The below editorial appeared in the Daily Herald. The Daily Herald is head and shoulders above all newspapers when it comes to investigating education issues. This article speaks for itself. Until loop holes are closed to protect taxpayers all referenda must be voted down.
Don’t keep what wasn’t in the asking
After Naperville Unit District 203 got what it wanted when it went out with its hat in its hands, it proceeded to pull the wool over the taxpayers’ eyes.
But at least their eyes were protected from a sharp stick yet to be thrust.
In 2002, District 203 got voter approval for a tax hike. But what it told the taxpayers it would need, and what the school district actually collected, are two immensely different things. The district admits it wound up collecting $24 million more than voters were led to expect. This is due to a loophole in the tax cap law, brought to light in an investigative series by the Daily Herald. That analysis actually showed that District 203 received $45.8 million more over four years than if the full tax increase had been collected in one year. We stand by that reporting.
The district should be faithful to what it communicated to the electorate. That means refunding the amount collected beyond what the district said, in 2002, that it needed. That means admitting error — either confusion over the tax cap law or intentionally misleading voters.
Instead, the school board has refused to refund anything, with only board members Mike Davitt and Jim Caulfield voting to lower the district’s property tax levy to allow the district to return the $24 million over time. Even a one-time refund from the district’s $8.9 million surplus, offered by board member Gerry Cassioppi, was refused.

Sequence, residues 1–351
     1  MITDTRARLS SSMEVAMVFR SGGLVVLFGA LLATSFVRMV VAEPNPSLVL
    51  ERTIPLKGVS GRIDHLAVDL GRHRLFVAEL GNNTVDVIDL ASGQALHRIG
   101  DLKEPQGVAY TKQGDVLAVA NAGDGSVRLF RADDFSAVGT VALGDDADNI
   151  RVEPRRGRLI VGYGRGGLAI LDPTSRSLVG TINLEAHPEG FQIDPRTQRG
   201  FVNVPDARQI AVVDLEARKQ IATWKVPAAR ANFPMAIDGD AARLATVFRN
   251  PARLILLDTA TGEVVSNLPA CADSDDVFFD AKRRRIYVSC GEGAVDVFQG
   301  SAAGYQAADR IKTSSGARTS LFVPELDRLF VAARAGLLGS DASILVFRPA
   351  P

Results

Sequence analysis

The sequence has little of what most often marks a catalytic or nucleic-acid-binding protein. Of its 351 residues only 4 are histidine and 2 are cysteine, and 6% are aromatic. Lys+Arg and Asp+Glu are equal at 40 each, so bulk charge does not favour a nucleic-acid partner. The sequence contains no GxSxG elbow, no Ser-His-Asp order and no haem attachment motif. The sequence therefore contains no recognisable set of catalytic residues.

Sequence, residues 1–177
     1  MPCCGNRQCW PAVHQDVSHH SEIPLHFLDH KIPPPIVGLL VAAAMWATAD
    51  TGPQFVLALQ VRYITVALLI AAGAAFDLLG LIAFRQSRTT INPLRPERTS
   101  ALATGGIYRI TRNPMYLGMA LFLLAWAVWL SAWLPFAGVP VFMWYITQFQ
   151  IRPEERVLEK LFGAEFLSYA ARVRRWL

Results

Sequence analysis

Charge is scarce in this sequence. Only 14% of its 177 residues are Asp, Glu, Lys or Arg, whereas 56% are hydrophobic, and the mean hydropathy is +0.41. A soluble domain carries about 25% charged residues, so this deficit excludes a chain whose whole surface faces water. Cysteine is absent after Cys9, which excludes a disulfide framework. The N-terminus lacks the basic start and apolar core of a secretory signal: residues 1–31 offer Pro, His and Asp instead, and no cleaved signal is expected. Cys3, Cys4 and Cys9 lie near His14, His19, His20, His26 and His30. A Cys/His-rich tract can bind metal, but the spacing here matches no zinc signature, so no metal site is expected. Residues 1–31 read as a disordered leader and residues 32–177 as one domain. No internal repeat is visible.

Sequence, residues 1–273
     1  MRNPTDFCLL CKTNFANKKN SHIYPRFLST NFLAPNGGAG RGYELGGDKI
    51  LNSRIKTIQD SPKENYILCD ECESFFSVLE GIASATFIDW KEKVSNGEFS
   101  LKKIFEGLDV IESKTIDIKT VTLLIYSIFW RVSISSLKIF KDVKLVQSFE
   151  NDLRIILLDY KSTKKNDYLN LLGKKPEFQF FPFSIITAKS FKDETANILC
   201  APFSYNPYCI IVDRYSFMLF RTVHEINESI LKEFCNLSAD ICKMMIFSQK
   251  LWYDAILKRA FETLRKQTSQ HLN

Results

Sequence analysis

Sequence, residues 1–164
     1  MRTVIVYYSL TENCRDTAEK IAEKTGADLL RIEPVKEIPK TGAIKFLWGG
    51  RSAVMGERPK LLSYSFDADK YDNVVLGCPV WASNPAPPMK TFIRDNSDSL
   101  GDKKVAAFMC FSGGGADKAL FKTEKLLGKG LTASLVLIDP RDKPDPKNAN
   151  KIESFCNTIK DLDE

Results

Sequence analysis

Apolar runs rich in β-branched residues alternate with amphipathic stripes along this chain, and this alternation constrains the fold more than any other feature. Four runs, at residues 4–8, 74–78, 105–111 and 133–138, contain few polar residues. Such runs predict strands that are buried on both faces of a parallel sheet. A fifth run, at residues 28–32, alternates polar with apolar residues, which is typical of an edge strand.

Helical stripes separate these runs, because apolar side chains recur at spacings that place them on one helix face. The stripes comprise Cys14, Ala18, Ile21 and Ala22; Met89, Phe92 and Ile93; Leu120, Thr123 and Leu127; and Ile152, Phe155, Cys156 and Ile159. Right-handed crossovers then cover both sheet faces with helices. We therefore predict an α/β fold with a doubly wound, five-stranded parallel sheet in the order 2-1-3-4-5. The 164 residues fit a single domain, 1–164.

The sharp stick.
The district explains that refunding the over-collection would leave the school program financially vulnerable. Well, if it needed that extra $24 million to eliminate the risk of financial ruin, it should have asked for it openly and honestly.
Board President Dean Reschke has an interesting revisionist view of the referendum campaign. What the district asked for, he said, was merely a projection. Therefore, it presumably is under no obligation to honor what it said.
We could see the tax increase impact, as presented in 2002, being off a few thousand bucks. But $24 million? If the district allows math students to use calculators nowadays, shouldn’t the administration be allowed the same luxury?
And if “projections” are going to be the precedent in pitching tax increases, we would recommend voters be wary of being fooled by such lack of precision in any future District 203 tax increase proposal.
The district can point out that it has agreed to forgo at least $5.3 million it could have asked for this year, courtesy of that loophole. Hold the applause. This is just money taxpayers didn’t expect to have to surrender.
The history of this issue has been one replete with denial and blaming the messengers, whether in the media or public. And it reveals a disconnect that has been revealed, time and time again in this school district, as “lack of trust.” Well, here’s a new trust-buster to deal with.
All this points out the need for the state to impose a directive on school districts in the form of a legislative closure of the tax cap loophole.
And though taxpayers in District 203 aren’t getting their money back, we recommend they deposit the school district’s handling of this matter in their memory bank. There’s a school board election next year.